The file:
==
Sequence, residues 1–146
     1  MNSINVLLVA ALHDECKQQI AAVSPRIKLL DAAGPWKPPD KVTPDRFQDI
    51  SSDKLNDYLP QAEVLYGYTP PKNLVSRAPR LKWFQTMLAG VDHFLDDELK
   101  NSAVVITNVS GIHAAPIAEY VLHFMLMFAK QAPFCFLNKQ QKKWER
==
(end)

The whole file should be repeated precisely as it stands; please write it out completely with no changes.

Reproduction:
Sequence, residues 1–146
     1  MNSINVLLVA ALHDECKQQI AAVSPRIKLL DAAGPWKPPD KVTPDRFQDI
    51  SSDKLNDYLP QAEVLYGYTP PKNLVSRAPR LKWFQTMLAG VDHFLDDELK
   101  NSAVVITNVS GIHAAPIAEY VLHFMLMFAK QAPFCFLNKQ QKKWER